Weather in Guyana
In April 2009 David set up the first TV weather broadcasts in Guyana - where low-lying coastal regions, high tides and storms can have disastrous impacts on the country's population.
The Ministry of Agriculture in Guyana also wanted to use the new broadcast to give information to workers affected by the weather - such as fishermen and farmers. David created extra graphics and gave more information, such as tide times for the fishing industry and warnings of prolonged periods of dry weather so farmers could plan their crops ahead.
When the new broadcasts were up and running, the Ministry of Agriculture received numerous letters from farmers and fishermen thanking them for this new service. A service that is now saving lives.
Next, David is set to travel to Comoros, an island off the coast of Madagascar, to set up their very first TV weather studio. But he has his work cut out closer to home too as the Met Office has now asked him to build a new studio at its head quarters in Exeter.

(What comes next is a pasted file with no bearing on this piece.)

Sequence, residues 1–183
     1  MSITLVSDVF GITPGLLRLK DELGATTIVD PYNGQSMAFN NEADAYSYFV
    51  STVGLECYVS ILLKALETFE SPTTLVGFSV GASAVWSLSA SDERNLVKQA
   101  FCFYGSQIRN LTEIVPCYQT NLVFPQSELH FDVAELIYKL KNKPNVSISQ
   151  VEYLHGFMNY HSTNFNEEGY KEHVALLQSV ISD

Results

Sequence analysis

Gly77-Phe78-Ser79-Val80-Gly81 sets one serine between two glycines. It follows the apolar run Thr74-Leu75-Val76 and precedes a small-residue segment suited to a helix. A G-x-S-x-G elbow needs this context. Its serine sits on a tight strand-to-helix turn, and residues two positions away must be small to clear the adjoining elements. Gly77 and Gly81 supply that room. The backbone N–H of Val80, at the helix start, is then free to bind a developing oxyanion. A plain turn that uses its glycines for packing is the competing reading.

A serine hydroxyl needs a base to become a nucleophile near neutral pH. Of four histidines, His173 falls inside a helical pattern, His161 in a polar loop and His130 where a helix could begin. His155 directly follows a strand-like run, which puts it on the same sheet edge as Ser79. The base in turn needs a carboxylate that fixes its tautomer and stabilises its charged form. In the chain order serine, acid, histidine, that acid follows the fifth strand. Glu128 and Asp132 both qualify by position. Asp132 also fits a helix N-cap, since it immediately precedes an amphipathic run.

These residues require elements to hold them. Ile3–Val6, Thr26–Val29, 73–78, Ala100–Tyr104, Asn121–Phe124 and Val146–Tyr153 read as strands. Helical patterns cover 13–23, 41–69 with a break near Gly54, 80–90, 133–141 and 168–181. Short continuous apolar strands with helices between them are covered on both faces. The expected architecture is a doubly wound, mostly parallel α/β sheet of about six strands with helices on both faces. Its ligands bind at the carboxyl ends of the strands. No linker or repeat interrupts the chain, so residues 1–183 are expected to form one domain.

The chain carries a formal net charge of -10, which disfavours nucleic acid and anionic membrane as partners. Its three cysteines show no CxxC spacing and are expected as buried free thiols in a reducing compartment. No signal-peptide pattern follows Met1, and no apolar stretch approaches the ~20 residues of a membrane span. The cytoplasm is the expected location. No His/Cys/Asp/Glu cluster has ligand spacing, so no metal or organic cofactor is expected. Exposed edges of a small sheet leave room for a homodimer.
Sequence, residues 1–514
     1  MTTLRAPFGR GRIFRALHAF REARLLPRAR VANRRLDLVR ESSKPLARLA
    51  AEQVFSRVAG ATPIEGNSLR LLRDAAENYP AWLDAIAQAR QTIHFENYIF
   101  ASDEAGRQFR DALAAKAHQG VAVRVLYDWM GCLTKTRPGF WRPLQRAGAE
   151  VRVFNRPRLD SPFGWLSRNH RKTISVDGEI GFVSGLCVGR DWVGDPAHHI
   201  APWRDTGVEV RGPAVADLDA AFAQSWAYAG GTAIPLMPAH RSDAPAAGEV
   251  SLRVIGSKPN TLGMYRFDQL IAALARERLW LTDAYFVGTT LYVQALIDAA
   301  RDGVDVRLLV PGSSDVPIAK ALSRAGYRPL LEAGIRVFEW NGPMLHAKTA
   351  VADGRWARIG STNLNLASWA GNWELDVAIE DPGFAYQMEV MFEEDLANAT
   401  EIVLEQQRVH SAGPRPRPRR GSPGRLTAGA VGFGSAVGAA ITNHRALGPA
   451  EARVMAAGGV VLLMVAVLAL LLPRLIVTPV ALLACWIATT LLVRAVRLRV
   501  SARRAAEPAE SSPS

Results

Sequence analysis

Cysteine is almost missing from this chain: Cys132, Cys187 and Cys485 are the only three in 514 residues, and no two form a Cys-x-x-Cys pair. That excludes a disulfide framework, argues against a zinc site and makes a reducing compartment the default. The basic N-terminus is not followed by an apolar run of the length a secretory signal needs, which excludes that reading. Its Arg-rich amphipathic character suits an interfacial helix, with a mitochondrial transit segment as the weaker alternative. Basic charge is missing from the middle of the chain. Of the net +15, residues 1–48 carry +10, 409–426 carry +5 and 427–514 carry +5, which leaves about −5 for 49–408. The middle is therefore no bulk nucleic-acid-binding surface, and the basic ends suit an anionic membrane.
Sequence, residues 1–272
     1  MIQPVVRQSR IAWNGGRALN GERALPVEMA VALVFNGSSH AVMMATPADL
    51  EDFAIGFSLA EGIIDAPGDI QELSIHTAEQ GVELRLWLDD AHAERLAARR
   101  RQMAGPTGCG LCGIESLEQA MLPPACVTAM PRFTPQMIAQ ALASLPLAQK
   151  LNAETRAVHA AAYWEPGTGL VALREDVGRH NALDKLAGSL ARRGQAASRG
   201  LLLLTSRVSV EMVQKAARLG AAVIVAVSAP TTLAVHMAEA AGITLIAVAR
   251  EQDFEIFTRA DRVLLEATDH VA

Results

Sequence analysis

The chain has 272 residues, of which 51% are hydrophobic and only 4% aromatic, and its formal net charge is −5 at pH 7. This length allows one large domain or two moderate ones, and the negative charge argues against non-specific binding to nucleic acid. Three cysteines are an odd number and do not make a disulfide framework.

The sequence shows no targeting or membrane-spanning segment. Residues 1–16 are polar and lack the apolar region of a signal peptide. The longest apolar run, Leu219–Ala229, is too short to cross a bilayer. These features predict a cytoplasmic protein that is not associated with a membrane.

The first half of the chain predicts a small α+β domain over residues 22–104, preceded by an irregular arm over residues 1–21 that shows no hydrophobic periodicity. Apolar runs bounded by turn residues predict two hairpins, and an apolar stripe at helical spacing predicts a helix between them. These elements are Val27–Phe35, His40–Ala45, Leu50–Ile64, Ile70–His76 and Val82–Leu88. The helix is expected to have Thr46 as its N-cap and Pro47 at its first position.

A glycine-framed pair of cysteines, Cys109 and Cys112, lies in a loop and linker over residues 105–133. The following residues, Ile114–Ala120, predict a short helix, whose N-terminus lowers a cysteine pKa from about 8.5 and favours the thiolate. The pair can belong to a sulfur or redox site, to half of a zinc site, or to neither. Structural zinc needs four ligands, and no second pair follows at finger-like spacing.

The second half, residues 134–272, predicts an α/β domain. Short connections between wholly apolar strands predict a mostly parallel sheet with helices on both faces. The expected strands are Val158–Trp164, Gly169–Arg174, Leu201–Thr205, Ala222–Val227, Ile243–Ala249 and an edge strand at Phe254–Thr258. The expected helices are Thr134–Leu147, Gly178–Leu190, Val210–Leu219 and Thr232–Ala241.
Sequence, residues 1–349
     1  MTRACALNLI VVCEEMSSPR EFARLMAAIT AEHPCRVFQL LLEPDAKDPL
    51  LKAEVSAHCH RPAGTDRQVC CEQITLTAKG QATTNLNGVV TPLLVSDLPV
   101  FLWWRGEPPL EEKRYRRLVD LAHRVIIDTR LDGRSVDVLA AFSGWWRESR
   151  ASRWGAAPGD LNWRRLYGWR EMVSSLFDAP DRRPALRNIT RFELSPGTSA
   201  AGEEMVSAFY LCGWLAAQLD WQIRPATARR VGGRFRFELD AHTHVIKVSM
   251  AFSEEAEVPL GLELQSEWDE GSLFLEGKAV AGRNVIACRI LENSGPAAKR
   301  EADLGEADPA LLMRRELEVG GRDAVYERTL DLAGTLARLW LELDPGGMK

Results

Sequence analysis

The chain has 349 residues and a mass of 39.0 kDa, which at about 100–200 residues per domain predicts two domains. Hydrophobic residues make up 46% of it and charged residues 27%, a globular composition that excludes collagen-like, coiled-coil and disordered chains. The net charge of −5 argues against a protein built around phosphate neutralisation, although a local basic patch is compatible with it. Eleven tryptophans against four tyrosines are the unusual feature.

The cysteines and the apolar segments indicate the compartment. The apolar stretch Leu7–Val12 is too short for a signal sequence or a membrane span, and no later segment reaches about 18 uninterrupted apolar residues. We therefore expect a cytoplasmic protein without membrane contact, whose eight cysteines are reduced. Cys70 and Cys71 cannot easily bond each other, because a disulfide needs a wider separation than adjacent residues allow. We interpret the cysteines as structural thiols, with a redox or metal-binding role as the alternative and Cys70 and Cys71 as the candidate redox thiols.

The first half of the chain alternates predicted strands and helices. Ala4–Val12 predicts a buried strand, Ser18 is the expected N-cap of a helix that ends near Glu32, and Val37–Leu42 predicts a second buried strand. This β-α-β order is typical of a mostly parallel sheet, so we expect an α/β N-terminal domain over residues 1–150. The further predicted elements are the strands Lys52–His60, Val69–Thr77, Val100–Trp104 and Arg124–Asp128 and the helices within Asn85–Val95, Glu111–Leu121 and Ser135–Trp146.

"The new studio will be used to produce a range of video content - including content for web and smart phones. This could be anything from a climate scientist explaining a complicated phenomenon, to a new video download aimed at a younger generation."
David is in no doubt that new media will help get the weather to more and more people. But one thing remains true - it takes great graphics and presentation to make people really sit up and listen